Why didn't I get into Sundance/Slamdance?

HeidiFilmmaker and author Heidi van Lier has a new blog over at Film Independent and her first subject to tackle, naturally, is the immortal question: "Why didn't I get into Sundance/Slamdance?"

There are a lot of hurt feelings out there this week, some people are actually questioning if they should ever even attempt another film, others are pissed and shouting how much they despise the programmers of either festival (I’m included as one of those programmers), and still others are just depressed, feeling defeated, and not sure what to do next.

You should certainly read Heidi's answer (and check out her book), but I have to turn the question around. With thousands of films submitted each year (about 8000 to Sundance alone, according to a recent estimate) and only a few hundred programmed (even if you include Slamdance's 100+ titles), fewer than 1% of the films received by these festivals are programmed. In what other kind of competition do contestants enter knowing that they have less than one chance in a hundred of getting in (based solely on the judgment of other human beings) and then get sore -- in some cases even violently angry -- when they don't win?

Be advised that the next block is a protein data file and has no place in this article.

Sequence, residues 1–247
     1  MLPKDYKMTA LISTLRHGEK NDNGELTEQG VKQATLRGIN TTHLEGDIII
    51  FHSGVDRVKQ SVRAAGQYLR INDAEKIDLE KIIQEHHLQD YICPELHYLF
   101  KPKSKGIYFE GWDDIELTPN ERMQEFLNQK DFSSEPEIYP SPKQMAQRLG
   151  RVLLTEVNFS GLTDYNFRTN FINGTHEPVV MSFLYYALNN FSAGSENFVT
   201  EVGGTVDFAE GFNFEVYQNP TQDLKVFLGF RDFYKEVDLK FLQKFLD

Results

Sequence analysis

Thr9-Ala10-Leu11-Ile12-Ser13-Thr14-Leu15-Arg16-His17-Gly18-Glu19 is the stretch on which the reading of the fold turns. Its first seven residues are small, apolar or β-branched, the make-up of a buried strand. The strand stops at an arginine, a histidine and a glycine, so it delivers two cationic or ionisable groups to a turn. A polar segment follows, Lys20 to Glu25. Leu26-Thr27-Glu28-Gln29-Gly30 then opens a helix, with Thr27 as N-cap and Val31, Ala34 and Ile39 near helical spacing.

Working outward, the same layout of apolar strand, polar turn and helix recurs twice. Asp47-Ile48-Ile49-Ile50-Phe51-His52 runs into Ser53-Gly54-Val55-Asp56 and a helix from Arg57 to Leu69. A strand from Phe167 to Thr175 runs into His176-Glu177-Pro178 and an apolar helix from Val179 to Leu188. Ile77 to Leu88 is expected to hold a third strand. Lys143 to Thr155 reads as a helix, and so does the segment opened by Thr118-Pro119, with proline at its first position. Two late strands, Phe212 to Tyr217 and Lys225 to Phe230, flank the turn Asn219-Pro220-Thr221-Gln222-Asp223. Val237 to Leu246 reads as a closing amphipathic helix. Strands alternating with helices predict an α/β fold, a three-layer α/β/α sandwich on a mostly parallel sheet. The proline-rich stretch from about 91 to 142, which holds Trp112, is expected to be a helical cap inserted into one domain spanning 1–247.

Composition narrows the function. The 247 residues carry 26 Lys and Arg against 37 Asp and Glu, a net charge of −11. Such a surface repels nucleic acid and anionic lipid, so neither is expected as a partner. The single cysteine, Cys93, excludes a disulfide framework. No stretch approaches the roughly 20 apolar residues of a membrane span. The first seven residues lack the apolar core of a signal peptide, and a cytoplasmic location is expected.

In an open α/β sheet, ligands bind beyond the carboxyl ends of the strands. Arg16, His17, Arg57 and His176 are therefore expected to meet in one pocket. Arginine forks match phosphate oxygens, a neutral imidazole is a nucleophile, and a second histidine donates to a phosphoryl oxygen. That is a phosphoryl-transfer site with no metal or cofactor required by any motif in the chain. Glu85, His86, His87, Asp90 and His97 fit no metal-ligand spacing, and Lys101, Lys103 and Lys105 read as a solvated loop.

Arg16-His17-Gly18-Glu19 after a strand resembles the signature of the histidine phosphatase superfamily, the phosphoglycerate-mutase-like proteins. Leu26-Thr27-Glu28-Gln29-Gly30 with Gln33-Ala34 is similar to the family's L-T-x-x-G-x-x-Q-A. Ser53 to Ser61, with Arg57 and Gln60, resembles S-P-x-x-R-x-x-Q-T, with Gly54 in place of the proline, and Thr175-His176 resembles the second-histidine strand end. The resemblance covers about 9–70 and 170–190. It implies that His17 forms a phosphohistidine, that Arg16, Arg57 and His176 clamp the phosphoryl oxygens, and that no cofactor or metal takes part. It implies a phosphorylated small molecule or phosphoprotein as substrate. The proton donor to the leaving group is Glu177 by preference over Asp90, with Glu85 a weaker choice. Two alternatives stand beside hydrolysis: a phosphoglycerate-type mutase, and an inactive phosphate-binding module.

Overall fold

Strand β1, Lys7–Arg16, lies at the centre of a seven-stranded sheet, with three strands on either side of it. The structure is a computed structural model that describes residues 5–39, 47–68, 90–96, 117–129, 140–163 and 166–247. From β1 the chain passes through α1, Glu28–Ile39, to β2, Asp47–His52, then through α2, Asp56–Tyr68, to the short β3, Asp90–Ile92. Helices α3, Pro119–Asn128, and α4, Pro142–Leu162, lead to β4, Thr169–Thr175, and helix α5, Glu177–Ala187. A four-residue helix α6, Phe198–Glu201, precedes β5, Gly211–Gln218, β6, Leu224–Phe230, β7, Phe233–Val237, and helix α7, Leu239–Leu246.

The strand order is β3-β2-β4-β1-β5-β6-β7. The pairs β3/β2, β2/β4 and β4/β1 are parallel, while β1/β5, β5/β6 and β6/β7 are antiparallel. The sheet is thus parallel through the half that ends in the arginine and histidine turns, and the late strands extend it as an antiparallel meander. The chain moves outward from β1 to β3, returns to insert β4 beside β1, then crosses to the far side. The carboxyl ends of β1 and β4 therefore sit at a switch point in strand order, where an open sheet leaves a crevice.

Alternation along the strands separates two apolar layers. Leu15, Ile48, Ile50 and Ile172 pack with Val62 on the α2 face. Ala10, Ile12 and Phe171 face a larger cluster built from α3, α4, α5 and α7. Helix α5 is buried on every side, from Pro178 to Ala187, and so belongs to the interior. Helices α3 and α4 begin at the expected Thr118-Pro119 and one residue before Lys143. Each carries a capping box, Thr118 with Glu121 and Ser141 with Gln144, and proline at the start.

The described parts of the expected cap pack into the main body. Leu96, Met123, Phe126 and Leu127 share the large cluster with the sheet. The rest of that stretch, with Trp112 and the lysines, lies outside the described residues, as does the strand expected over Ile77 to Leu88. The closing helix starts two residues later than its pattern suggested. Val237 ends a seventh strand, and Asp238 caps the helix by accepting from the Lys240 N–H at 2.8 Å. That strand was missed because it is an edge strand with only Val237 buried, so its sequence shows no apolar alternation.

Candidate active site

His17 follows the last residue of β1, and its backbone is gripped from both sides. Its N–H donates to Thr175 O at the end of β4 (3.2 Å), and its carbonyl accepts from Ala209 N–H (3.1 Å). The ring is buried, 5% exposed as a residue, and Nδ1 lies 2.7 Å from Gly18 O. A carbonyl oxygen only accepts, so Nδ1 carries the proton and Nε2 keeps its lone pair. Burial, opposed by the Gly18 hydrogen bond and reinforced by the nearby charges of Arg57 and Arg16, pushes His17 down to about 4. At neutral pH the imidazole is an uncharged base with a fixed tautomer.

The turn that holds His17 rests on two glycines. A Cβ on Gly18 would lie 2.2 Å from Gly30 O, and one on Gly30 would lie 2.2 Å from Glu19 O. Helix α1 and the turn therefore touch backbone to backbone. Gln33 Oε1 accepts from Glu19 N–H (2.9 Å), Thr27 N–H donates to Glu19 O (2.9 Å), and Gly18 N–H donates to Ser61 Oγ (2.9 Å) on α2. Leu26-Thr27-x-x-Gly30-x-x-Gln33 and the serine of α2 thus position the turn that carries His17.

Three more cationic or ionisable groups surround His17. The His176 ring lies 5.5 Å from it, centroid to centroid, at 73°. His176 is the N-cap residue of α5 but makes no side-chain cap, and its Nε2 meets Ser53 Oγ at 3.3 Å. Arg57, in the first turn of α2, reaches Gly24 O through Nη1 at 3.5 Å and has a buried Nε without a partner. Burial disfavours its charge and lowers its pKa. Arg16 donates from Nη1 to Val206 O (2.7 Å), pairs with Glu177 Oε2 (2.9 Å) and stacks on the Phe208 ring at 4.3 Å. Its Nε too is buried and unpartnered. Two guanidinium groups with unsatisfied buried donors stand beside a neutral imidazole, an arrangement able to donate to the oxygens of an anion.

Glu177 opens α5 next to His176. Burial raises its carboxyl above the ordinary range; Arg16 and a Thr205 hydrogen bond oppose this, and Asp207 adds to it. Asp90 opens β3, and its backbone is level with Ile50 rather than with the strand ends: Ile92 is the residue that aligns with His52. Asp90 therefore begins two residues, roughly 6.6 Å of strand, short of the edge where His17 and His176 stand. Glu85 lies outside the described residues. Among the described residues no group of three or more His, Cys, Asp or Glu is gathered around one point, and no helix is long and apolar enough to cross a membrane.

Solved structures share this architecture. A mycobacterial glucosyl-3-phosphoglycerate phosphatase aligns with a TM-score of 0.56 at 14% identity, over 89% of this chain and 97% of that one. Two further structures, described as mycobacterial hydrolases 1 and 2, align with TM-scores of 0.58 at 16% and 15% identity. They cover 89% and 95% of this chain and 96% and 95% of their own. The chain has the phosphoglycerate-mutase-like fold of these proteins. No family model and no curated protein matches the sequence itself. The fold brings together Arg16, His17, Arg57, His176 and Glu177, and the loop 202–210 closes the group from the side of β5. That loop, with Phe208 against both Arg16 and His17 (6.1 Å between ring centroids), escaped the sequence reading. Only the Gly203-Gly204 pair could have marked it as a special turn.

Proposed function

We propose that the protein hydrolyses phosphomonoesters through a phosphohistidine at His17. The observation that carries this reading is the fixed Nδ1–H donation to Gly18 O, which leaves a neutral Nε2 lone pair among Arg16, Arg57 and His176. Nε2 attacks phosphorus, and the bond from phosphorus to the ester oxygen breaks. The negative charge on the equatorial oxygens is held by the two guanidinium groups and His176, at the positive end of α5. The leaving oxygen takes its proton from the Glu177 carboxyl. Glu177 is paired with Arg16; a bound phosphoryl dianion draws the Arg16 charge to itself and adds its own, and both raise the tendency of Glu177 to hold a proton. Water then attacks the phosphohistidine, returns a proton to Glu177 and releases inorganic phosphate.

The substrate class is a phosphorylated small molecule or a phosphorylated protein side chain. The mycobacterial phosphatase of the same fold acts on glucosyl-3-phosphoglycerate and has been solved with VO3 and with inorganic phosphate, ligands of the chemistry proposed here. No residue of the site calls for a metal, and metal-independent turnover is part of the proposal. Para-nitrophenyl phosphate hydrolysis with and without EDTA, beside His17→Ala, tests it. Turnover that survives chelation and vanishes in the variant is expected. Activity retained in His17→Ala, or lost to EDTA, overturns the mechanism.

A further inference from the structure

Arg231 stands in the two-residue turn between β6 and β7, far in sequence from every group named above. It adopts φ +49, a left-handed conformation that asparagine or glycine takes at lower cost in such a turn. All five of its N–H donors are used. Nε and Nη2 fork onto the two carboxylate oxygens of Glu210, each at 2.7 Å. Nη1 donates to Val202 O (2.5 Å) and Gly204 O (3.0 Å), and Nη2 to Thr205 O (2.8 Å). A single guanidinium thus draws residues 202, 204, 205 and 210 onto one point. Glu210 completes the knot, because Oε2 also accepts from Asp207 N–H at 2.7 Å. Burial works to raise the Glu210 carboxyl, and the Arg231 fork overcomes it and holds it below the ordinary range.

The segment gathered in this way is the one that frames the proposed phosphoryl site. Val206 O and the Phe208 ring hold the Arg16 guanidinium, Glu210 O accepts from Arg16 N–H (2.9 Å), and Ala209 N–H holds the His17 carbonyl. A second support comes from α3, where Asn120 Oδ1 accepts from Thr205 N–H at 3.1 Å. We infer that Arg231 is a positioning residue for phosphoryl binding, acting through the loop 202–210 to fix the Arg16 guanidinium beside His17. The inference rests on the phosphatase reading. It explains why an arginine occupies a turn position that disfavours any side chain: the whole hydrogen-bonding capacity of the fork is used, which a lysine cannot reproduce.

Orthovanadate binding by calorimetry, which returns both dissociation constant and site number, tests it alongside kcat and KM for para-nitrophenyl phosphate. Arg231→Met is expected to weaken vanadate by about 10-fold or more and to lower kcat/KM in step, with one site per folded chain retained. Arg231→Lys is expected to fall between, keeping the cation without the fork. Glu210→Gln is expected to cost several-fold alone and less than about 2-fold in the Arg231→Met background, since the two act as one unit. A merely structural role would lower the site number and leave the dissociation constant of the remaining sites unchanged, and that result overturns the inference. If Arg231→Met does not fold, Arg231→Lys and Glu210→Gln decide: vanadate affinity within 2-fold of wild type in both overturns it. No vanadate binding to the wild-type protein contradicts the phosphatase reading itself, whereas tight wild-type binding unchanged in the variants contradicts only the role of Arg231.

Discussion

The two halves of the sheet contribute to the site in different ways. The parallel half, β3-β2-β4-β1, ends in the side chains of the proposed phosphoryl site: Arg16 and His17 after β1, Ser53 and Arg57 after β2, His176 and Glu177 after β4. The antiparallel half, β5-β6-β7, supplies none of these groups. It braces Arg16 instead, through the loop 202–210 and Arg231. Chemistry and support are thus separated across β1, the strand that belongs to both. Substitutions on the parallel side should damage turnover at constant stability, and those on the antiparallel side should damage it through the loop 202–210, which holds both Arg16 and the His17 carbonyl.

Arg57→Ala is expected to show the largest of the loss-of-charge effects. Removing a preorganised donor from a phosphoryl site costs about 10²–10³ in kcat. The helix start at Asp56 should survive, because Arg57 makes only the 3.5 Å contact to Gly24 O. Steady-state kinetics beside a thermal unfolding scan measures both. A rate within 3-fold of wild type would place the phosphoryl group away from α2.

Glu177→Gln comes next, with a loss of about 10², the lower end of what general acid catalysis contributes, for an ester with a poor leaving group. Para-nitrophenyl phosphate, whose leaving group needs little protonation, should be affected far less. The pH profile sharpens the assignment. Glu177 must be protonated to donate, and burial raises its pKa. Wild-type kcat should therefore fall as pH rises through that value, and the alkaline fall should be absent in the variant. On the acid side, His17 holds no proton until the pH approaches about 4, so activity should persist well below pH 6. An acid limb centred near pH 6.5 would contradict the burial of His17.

This is meant more as a reality check than a lecture, though there are certainly Sundance rejects who could use the lecture. Those, however, are the people who will not pick themselves up and move on to the next thing. Those are the people who won't look at the year's worth of worthy festivals laid out before them and decide that there are exciting and prosperous days ahead. Those are the people who will fail to buckle down, create a festival strategy for themselves, and apply accordingly.

And guess what? Those are the people whose films you won't see at SXSW or IFF Boston or Oxford or Seattle or Austin or Ann Arbor or the multitude of other deserving festivals that kick ass each year. Sure, it would be nice to play Sundance or Slamdance and take part in the madness that is January in Park City. It would also be nice to win the lottery or find yourself at a dinner party seated across from Scarlett Johansson. The difference is that with talent and persistence you can work your way up to Park City. Persistence applied to the other dreams will net you an empty wallet and a restraining order, respectively.

Sorry, Scarlett.